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When technology lets you sleep easy

Indian mattress supplier Duroflex has taken a leaf out of mattress design in its technology implementation to double its growth in an industry dominated by unorganised players

As a mattress supplier in an industry dominated by unorganised players, Duroflex sees opportunities in carving out a bigger slice of India’s mattress market.

That is, by following the principles of good mattress design in its technology implementation: a reliable “data foam”, a good spring that serves as the backbone of manufacturing, and a posture-friendly fabric in trade and marketing engagement.

The company is currently in the midst of digitising its business processes, transforming its business into an omnichannel brand that sells mattress through multiple channels, whether it’s retail stores or e-commerce websites, with a single view of customer experience, pricing, engagement and inventory.

Data is key to realising that vision, said Vipin Rustagi, group CIO of Duroflex, adding that the company has invested in business intelligence capabilities, as well as a data lake, which has enabled it to connect 30 disparate applications and leverage data to glean insights.

Rustagi added that Duroflex will also be applying artificial intelligence and machine learning to its data lake to forecast its supply of raw materials through historical data, and to predict the behaviour of customers through consumer propensity modelling.

In its manufacturing and supply chain operations, Duroflex is implementing a transportation management system and an automated warehouse system by the first quarter of 2023.

“The idea is to optimise our logistics costs and elevate our throughput of our warehouse,” said Mathew Chandy, chief managing director and sleep evangelist at Duroflex. “We have also embraced digital twins and simulation programmes to increase productivity and to reduce wastage on the factory floors.”

In trade engagement, the company is developing capabilities and an in-house portal for bolstering and accelerating trade engagement, including with direct dealers.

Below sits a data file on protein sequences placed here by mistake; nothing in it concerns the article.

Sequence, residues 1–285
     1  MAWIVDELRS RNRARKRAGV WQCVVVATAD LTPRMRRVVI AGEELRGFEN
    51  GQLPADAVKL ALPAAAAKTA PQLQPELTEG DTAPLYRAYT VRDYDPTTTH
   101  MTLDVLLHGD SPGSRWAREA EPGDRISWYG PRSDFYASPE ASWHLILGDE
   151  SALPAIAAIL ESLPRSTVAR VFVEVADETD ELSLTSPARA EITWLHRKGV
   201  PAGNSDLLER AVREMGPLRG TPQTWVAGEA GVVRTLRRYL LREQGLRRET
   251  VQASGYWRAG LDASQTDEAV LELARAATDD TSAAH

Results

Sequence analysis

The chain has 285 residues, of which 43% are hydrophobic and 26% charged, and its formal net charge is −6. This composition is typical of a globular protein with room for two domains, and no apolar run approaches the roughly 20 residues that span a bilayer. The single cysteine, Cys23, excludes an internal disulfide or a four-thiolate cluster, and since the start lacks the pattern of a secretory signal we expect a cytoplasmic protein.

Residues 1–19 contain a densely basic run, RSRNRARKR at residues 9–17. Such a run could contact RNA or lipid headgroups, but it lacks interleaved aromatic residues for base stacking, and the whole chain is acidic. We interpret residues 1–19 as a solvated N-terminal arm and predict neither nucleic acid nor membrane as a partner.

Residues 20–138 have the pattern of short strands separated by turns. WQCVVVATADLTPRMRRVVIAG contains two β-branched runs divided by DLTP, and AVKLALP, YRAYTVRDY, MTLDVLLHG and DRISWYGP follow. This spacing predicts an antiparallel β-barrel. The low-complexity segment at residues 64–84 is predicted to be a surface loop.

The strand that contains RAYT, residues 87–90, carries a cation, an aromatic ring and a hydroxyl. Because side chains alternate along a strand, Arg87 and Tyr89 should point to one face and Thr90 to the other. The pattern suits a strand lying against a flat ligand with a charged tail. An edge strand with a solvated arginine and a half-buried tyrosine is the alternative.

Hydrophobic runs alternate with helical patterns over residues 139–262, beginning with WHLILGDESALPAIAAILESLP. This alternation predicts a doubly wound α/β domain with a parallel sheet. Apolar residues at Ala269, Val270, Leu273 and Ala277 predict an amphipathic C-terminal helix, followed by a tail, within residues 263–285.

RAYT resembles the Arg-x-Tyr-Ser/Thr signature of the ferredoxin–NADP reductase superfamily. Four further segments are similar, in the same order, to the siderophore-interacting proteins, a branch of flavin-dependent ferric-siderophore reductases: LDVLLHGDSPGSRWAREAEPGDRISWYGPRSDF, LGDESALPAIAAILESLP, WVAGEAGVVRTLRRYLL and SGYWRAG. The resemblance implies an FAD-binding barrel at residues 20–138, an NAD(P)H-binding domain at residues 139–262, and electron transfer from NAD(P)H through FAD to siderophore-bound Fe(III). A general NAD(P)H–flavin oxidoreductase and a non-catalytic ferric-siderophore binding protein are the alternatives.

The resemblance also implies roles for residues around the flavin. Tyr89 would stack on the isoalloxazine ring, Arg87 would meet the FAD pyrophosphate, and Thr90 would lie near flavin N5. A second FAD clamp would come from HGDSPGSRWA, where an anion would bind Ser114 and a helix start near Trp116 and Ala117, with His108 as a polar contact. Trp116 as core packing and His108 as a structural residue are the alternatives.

Rustagi said the portal will enable it to orchestrate order-taking, streamline accounting, manage its inventory and automate credit notes: “This will give us a competitive edge in a core area that has been our strength for five decades.”

At the same time, key HR areas are being transformed and automated through applications such as Darwinbox and HRTech. Rustagi said the company has made a significant investment in its people and there has been a surge in its talent pool as well as improvements in workforce diversity.

“Without the support of automated HR, it would have been difficult to manage all that. The technology armed us with both speed and simplicity, from on-boarding to training in the employee journey,” he added.

The technology investments have reaped tangible outcomes for Duroflex, which has doubled its growth in the past two years. “A large part of that can be attributed to the digitisation of processes that created a huge impact in manual operations. We could expand in new geographies and channels, and achieve a new level of synergy due to technology,” Chandy said.

When asked about the hardest lessons learnt so far or what advice he would offer to peers, Rustagi cautioned against having a “technology-obsessed” lens.

“Digital transformation has to be a business-forward and not a technology-forward endeavour. Also, executing a data strategy is sometimes seen as a huge R&D [research and development] effort. Technology does not have to be complex – it has to be simple.”

Chandy also advised organisations to inject more diversity into project teams, which should comprise not just technology people but business folks as well, adding that the perspective of business stakeholders is crucial to the success of any project.

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